‘There you have it, the murder at Canterbury Cathedral,’ I pointed perhaps a little too eagerly for Brendan of the Travel Pop, who had come back with a relived face after searching successfully for a bathroom for too long. The red blood glinted evilly at us making out the words ‘Thomas.’
We were in the Martyrdom of Canterbury Cathedral, just to the side and underneath the main Quire of the historic building. We were in the at one of Europe’s most important pilgrimage centres, inextricably linked with the murder of its most famous Archbishop, Thomas Beckett, in 1170. After a long dispute with his estranged friend King Henry II, he was brutally murdered in the place called The Martyrdom, that would forever mark its place in history. Soon after, miracles were said to have taken place and Thomas Beckett was canonised when it was realised that he suffered in his life for wearing a very itchy hair shirt under his tunic. (Shouldn’t I be getting a sainthood for wearing one of my aunt’s knitted sweaters then?)
So, sure, in those medieval days, everyone was betraying each other and lopping heads off. So other than the murder of Thomas Beckett, why is Canterbury Cathedral so popular today?
Historic Canterbury Cathedral
I haven’t finished the history lesson yet! Canterbury Cathedral is so old, yes even older than established British History (starts from 1066 at the Battle of Hastings). In 597AD, Pope Gregory the Great thought that the Celts and the Saxons should stop faffing around with their gods and conform them to Christianity. Therefore he sent a monk, Augustine, to England, where he established his ‘Cathedra’ seat in Canterbury and started building a monastery. Soon, he became England’s first ever Archbishop. Awesome eh?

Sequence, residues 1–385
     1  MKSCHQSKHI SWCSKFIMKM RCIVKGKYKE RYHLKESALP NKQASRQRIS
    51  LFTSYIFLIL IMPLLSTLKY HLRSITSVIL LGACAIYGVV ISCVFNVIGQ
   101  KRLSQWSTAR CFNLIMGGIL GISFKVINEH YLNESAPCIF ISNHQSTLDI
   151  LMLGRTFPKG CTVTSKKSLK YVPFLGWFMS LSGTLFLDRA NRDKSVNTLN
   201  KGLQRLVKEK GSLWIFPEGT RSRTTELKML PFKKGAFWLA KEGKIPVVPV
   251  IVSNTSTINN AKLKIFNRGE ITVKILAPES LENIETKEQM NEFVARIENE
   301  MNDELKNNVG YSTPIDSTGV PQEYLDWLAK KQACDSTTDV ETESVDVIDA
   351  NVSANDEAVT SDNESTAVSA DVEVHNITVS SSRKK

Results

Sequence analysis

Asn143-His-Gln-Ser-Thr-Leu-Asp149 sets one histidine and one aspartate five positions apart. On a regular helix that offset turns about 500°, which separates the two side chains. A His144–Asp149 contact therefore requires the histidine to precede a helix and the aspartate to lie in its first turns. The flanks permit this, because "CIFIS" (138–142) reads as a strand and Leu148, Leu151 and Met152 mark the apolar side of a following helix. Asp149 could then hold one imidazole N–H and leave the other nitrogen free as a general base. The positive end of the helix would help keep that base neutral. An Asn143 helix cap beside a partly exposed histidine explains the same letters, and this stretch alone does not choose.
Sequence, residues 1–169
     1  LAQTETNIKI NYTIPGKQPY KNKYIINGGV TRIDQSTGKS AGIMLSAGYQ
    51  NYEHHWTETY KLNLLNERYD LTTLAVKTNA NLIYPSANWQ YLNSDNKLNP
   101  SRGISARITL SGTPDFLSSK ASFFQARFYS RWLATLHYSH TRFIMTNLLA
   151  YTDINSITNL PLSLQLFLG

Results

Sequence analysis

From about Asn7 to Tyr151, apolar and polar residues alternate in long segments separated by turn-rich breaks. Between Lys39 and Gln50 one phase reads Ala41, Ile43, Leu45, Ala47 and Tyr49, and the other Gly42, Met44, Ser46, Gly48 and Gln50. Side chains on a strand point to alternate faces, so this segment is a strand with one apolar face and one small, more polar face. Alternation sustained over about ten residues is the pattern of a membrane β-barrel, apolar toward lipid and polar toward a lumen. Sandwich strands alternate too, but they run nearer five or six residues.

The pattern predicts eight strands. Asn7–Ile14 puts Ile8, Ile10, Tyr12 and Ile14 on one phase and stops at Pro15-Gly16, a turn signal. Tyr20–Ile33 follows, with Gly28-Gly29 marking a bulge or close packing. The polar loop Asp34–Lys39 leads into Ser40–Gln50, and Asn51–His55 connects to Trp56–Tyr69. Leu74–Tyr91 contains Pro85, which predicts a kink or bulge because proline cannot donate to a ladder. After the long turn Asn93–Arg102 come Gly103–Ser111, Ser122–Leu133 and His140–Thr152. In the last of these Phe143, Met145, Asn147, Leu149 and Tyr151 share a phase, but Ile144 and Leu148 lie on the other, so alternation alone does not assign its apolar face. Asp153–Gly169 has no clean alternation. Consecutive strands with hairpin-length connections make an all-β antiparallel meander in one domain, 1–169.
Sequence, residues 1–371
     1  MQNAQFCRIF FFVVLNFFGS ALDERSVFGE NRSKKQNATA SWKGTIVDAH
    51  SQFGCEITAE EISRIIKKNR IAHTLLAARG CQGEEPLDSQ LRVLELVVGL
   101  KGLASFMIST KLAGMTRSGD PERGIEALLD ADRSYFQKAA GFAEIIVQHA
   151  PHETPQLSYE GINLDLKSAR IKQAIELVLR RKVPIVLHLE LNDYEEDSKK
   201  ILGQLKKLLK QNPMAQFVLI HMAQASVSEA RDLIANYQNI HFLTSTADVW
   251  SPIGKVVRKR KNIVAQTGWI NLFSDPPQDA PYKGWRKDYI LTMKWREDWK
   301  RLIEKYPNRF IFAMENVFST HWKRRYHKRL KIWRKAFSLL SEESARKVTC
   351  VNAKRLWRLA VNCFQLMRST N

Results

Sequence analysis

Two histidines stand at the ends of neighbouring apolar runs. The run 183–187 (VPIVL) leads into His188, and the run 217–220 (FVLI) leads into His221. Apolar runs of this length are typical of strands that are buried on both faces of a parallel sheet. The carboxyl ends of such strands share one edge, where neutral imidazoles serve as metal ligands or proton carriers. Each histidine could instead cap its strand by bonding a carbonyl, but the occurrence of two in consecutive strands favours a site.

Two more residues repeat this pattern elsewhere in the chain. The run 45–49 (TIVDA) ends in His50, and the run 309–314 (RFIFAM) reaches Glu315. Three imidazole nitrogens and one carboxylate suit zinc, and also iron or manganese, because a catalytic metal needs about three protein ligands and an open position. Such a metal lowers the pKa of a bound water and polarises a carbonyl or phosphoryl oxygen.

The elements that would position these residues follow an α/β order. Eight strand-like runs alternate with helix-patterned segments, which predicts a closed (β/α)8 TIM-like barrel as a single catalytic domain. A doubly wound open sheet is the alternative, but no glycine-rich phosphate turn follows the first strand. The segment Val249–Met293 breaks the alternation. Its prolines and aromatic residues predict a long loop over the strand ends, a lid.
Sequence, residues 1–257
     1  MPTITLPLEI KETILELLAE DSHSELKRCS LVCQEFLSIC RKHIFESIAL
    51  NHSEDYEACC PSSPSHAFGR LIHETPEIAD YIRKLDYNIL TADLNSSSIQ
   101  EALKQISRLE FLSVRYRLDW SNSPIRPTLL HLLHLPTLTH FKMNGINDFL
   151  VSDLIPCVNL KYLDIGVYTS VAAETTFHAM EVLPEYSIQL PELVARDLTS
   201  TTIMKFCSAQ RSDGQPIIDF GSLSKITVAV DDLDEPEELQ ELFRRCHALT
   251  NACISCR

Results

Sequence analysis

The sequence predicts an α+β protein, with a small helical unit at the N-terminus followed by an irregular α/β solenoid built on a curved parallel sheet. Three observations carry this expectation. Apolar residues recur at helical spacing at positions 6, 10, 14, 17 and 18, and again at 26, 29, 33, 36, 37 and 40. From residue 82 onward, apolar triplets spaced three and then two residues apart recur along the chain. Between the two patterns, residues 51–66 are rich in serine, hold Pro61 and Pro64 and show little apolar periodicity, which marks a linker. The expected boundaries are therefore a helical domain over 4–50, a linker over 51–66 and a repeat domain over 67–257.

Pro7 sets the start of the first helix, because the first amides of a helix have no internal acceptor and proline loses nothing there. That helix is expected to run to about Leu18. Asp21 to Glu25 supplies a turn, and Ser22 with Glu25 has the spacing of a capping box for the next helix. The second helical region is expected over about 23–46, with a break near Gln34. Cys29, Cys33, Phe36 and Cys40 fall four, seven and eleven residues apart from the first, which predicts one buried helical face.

The murders of the Archbishops started earlier than Thomas Beckett, I’m afraid. Those pesky Danes and Vikings who harried England kidnapped Archbishop Alphege, before damaging the Cathedral, and killed him in Greenwich in 1012. He was the first of five Martyred Archbishops. Yes, there’s indeed more. This job should come with a risk assessment!
After the Norman Conquest in 1066, the Cathedral was destroyed by fire. The first Norman Archbishop, Lanfranc, redesigned the building similar to that of Caen’s where he was Prior. This design remains and is now celebrated as one of the oldest Christian buildings in Europe.
Thomas Beckett became the second of the Martyred Archbishops after King Henry II said the fatal words ‘Who will rid me of this turbulent priest?’ As a result, Thomas Beckett’s shrine became a place of healing and income was generated from the pilgrims who paid their respects and badges depicting Thomas at the shrine. This was probably England’s first marketing campaign! The income was used to build new enclaves, keep the upkeep of the Cathedral and line the Archbishop’s coffers.